8 essential facts that make Amarone a special wine

Amarone della Valpolicella or simply Amarone belongs to our list of “Italian and French wines you must try before you die”. That’s how remarkable Amarone is to us and a lot of wine lovers around the world. It has a full bodied, full flavoured, intense and elegant taste that leaves a memorable impression on the taste buds. Amarone comes from the Valpolicella region in the province of Verona in Northern Italy. The region, thought to have originated from Greek meaning “valley of many cellars”, is known as ‘the pearl of Verona’. 

Valpolicella is the second largest producer of DOC wines— Denominazione di Origine Controllata, the highest quality level in Italian wine label classifications, with Chianti in central Tuscany taking the top spot. Judging from these short impressive knowledge about Amarone’s origins, you’ll surely enjoy a full bottle of this sophisticated red wine.  

Body: Full
Alcohol: 15-16%
Acidity: Medium to medium-high
Tannins: Medium
Flavours: Cherry, brown sugar, chocolate

We’re indulging you with 8 more interesting facts about the Amarone wine:

  • Valpolicella has been making wines since the time of the Ancient Greeks.

    They wouldn’t be crowned as one of the best producers of wine in the Valpolicella if they didn’t have centuries of practice in stomping grapes since the ancient Greek civilization. Valpolicella has a cool continental climate that’s favourable for growing their quality product. The cool breeze from Lake Garda coming from the west, the Alps to the north and the region’s rolling hills protects them from the intense heat of the Mediterranean summer.

  • It wasn’t known as Amarone until it was listed in public records in 1953.

    This Verona wine has been in existence since ancient times. Sometime in 1936, a cellarmaster named Adelino Lucchese who tasted the wine for the first time exclaimed ‘Amarone’ meaning ‘the great bitter’. Since then, the story of how this great bitter wine got its name was passed on to every generation.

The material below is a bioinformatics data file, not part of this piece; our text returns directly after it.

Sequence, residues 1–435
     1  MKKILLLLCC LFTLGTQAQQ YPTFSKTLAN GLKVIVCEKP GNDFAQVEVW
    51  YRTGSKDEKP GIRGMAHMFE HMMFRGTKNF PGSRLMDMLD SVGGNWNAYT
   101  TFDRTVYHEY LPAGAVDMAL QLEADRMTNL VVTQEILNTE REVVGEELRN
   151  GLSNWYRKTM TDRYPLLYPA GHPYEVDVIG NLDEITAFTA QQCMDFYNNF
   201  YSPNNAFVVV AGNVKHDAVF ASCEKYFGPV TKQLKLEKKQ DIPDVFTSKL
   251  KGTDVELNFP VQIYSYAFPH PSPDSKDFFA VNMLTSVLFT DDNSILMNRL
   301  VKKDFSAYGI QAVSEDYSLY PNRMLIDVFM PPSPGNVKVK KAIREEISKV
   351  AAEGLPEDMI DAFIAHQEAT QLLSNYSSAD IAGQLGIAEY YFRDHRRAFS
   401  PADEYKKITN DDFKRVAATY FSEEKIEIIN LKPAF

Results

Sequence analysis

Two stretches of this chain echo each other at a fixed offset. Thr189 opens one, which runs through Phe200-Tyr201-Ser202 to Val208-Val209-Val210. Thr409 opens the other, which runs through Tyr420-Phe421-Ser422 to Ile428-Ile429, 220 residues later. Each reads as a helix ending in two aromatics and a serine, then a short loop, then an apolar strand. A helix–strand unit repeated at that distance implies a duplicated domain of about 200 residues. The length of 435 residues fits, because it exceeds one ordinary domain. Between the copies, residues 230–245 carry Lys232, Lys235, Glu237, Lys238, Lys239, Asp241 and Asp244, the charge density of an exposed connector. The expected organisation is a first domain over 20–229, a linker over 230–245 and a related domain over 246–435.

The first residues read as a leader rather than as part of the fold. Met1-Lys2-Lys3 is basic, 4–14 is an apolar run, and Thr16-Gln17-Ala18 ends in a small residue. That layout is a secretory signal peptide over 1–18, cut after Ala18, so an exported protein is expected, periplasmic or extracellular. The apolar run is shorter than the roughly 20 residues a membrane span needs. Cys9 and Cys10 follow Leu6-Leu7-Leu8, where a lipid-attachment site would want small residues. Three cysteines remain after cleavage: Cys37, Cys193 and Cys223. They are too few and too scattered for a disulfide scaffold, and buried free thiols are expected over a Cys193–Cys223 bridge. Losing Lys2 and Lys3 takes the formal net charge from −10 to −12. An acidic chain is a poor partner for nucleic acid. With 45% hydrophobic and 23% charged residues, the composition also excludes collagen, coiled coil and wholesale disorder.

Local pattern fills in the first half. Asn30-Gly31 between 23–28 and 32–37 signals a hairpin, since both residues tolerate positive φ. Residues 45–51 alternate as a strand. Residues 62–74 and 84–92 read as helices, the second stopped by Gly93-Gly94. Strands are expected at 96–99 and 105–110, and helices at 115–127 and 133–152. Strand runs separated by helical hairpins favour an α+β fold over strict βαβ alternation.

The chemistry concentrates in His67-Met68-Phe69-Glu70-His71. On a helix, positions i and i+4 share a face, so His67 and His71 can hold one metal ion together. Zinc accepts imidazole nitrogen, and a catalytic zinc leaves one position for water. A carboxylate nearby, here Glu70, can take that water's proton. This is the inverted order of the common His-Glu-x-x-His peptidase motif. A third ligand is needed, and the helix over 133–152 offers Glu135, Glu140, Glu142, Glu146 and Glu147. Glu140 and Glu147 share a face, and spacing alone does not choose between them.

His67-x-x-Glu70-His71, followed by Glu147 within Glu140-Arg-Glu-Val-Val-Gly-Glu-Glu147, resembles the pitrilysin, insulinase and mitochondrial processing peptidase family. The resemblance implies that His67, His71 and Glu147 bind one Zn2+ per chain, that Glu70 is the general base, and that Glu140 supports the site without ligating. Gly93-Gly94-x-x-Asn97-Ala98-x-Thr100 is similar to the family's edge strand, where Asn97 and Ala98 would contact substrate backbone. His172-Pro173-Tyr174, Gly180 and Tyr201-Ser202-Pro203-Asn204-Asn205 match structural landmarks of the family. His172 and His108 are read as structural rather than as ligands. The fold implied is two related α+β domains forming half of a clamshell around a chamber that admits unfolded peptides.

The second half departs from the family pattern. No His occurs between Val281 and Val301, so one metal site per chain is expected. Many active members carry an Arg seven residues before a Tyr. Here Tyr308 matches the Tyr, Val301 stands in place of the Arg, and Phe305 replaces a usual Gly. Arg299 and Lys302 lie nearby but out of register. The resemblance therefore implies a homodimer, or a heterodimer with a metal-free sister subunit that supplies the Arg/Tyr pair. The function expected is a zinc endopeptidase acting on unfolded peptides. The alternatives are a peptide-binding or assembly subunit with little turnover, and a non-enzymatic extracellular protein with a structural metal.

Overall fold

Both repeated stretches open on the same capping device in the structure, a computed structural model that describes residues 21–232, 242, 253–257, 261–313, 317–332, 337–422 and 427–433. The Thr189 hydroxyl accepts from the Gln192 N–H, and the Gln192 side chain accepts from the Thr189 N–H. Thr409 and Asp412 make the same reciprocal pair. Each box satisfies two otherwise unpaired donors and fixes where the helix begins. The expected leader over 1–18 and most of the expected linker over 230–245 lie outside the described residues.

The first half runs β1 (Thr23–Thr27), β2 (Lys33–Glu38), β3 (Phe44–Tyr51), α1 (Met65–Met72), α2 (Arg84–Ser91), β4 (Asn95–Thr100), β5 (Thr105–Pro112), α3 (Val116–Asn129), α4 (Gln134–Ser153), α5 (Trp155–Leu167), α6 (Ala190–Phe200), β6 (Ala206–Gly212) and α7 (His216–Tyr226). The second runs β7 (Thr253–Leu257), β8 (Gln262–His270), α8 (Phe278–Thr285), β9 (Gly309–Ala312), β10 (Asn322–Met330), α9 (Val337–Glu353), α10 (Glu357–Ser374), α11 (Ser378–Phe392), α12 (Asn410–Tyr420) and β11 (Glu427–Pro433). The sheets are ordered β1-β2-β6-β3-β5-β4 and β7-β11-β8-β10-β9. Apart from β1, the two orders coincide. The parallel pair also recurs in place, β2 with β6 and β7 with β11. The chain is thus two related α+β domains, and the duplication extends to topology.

• Amarone was granted DOC classification in 1990.


    Amarone was granted the DOCG recognition— Denominazione di Origine Controllata e Garantita (DOCG), the highest quality level, together with its sweeter red wine sister Recioto. Both Amarone and Recioto have the same technique of using partially dried grapes. But rumours spreading on the grapevine says that Amarone was really just Recioto that was left to ferment for too long, thus the dry and bitter taste. But never believe that gossip!

  • Amarone has three main grape varieties— Corvina, Corvinone and Rondinella

    Amarone producers follow a strict set of rules before releasing the wine into the world and getting the highest wine classification in Italy, the DOCG. 
      • 45-95% Corvina/Corvinone grapes, 5-30% Rondinella and some lesser known grapes
      • the dried grapes must have a minimum of 40% water loss
      • alcohol by volume should be at least 14%
      • it should be in oak for a minimum of 2 years 
      • Amarone riserva is aged for at least 4 years

    1. Amarone has 15% alcohol content.

      The grape varieties in Amarone are picked every mid-October to ensure its maximum ripeness. Because it needs to lose water 30-40%, they take a longer time to dry over the winter. Then, the grapes are pressed and fermented for 45 days, and aged in an oak barrel for 2-5 years. The wine becomes more concentrated because of this process resulting in 15% or higher in alcohol content.

    2. Amarone is one of the expensive red wines.

      Why? Because of number 5. The grapes’ journey – from the drying process up to the ageing process is an ancient old technique that has proven its success time and time again. With a DOCG recognition under its belt, expect to spend $50 to $80 per bottle.

    3. Amarone is best paired with foods that have a powerful flavour.

      Because of Amarone’s rich and full bodied taste, the best foods to pair it with are lean red meats, beef, duck or lamb, and pasta. Strong, aged cheeses such as old Gouda and blue cheese. Avoid pairing this wine with fish and salads. Lastly, dark chocolate goes well with Amarone. 

    5. Amarone bottles has a special Le Famiglie Storiche label.

    6. The Famiglie Storiche is an association of 13 oldest and most famous historical producers of Amarone della Valpolicella: Allegrini, Begali, Brigaldara, Guerrieri Rizzardi, Masi, Musella, Speri, Tedeschi, Tenuta Sant’Antonio, Tommasi, Torre D’Orti, Venturini and Zenato. Founded in 1999, they are responsible for promoting Amarone all over the world.

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